3. The CDE produces Annual Performance Reports submitted to United States Department of Education.. According to the annual report, California is the largest adult education provider in the United States. The state served approximately 18 percent of the nation’s adultsenrolled in AEFLA programs, according to the 2012−13 NRS data. Because the state is home to one-fourth of the national non-English-speaking population, the ESL program comprised 60 percent of California’s AEFLA programs and 27 percent of the nation’s ESL program that year. California also served more learners in ABE and ASE programs than any other state, comprising 11 percent of total learners enrolled in ABE and ASE nationwide. In 2013-14, 202 local agencies served 463,005 learners in the AEFLA programs.

4. Title IV, In accordance with section 101(a)(15)(E), Evaluation and Reports of Progress, of the Rehabilitation Act, DOR’s State Plan includes the results of an evaluation of the effectiveness of the vocational rehabilitation program, progress made in improving the effectiveness from the preceding two-year period, and submits a joint report with the SRC, to ED’s Rehabilitation Services Administration Commissioner. The evaluation and report include:

• the extent to which DOR’s State Plan goals were achieved;

• the strategies that contributed to achieving the goals;

• the extent to which the goals were not achieved, and a description of the factors that impeded that achievement; and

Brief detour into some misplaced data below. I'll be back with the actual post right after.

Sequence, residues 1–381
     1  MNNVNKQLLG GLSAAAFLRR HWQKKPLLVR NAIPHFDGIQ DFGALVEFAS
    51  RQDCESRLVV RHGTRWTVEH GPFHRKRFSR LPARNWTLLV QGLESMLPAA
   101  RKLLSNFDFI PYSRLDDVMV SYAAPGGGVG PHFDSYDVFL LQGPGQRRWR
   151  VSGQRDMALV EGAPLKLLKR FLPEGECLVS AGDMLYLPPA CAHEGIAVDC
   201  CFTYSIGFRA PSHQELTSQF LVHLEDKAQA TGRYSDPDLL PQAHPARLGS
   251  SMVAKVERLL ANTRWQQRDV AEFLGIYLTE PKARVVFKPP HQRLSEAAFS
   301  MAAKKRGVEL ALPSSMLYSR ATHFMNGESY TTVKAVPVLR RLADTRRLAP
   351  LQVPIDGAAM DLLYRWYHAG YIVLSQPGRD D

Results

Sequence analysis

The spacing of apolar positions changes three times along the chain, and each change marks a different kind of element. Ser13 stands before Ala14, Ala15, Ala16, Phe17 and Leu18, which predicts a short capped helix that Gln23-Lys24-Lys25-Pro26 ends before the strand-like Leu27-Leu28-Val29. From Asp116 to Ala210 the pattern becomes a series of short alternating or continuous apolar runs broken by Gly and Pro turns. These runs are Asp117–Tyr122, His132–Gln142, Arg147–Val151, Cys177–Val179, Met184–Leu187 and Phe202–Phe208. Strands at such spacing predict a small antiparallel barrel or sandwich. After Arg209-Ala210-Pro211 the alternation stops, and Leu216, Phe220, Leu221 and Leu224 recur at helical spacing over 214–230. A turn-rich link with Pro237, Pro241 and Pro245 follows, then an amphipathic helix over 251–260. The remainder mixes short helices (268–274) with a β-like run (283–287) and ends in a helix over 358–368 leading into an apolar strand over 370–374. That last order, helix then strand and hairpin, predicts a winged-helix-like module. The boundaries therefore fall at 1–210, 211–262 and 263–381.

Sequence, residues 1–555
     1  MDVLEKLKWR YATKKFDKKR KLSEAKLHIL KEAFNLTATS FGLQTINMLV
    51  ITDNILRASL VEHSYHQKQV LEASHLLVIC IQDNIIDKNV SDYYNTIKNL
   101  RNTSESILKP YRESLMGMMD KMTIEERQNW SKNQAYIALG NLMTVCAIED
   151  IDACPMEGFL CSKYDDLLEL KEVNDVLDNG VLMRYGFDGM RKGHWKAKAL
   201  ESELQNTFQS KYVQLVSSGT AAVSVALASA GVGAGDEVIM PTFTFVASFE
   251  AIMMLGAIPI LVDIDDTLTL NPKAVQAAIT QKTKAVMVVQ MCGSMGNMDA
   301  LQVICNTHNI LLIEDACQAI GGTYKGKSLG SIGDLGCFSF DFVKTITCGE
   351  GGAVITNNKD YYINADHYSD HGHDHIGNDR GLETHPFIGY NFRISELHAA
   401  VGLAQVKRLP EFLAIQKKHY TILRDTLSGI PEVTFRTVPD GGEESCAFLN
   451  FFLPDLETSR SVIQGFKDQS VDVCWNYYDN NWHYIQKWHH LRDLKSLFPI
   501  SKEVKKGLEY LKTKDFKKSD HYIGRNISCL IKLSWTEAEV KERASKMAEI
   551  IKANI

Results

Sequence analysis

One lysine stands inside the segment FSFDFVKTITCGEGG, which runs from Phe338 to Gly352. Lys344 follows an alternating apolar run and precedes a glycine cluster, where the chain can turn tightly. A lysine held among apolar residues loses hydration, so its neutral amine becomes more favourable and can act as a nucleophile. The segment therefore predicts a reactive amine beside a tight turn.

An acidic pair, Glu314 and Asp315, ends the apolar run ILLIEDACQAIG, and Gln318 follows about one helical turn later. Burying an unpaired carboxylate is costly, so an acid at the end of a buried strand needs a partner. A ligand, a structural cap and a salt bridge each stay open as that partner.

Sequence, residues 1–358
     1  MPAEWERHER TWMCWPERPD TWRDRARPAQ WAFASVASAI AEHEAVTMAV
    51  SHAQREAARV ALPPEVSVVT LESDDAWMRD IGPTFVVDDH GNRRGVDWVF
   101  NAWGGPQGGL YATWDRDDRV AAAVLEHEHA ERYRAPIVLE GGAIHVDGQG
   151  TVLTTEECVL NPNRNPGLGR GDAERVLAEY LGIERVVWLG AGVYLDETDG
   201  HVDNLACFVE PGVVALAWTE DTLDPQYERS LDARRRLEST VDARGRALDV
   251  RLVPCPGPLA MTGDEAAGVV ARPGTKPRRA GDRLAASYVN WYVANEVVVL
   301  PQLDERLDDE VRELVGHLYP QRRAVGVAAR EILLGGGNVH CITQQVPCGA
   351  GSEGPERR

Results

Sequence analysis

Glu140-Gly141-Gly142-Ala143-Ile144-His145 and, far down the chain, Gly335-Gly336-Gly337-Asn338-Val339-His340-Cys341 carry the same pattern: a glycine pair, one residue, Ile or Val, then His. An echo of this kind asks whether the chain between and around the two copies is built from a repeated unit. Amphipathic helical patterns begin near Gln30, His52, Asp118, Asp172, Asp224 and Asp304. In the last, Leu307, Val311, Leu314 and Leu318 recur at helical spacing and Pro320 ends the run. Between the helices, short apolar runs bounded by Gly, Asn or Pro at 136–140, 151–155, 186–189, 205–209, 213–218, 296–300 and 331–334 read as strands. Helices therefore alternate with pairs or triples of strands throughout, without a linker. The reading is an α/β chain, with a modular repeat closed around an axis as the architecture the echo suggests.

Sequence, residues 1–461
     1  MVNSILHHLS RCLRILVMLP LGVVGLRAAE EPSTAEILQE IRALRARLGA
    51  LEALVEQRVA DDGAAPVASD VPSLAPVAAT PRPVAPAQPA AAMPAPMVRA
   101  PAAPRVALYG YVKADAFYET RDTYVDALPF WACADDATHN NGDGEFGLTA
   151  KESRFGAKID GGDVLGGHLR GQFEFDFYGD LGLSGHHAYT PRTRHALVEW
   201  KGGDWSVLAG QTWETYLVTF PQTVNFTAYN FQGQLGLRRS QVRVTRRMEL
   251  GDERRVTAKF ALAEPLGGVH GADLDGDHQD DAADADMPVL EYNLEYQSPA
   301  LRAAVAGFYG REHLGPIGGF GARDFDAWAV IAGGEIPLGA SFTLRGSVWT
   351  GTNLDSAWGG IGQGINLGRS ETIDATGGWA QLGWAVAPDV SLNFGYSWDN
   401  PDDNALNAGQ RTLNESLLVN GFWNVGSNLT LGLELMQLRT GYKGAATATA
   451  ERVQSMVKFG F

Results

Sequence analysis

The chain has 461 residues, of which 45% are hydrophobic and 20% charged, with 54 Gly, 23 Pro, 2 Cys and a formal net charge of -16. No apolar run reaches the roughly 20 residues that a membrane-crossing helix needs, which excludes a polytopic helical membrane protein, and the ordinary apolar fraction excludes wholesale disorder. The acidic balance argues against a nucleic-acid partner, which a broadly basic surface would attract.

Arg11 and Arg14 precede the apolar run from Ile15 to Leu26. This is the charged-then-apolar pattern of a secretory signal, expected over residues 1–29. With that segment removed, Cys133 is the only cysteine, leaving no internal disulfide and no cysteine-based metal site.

• an assessment of the performance of the state on the standards and indicators established pursuant to section 106, Evaluation Standards and Performance Indicators, of the Rehabilitation Act.

5. Ability to meet WIA Performance Outcomes and implement continuous improvement - the State Board, CDE, DOR, EDD and the Local Board have assessed the effectiveness of the core programs and One-Stop partners using the WIA performance measures and other locally developed or programmatic performance measures.

In the last two years, over half of the forty-eight Local Areas have conducted an assessment of the effectiveness of their comprehensive and affiliate One-Stop centers. Those who have conducted assessments do so typically on an annual basis in coordination with many of the WIOA mandatory partners. Assessments are conducted for the purposes of local monitoring as well as reporting effectiveness back to Local Boards. While assessments are conducted by local areas themselves, some local areas contract out to consultants to get more objective and expert-driven assessments. Program data, such as expenditures, quarterly enrollment and performance data, measured-against goals, customer satisfaction survey results, site visits and interviews, and contracts executed are utilized in the assessment process.

  • All Local Areas create reports on customers served and program outcomes for partners and for their boards.
  • Nearly 80 percent of the Local Areas have a process for assessing the needs of the job seeking and employer customers served with services and programs that meet those needs.
  • Over 75 percent have a mechanism in place for measuring job seeker and/or employer customer satisfaction.
  • Nearly two-thirds of the Local Areas have a process to measure One-Stop partners’ satisfaction with the system.
  • Two-thirds of the Local Areas have professional development programs in place for staff and partners.
  • Almost all Local Areas provide training for front-line and business services staff on a regular basis.
  • Only about 40 percent have a process in place to measure if One-Stop services meet the needs of core partner customers.

The assessment of the effectiveness of the core programs and One-Stop partners has not been coordinated or aligned in the past two years. Based on this history, the State Board is working to enhance and improve communication between the core and other state plan partners.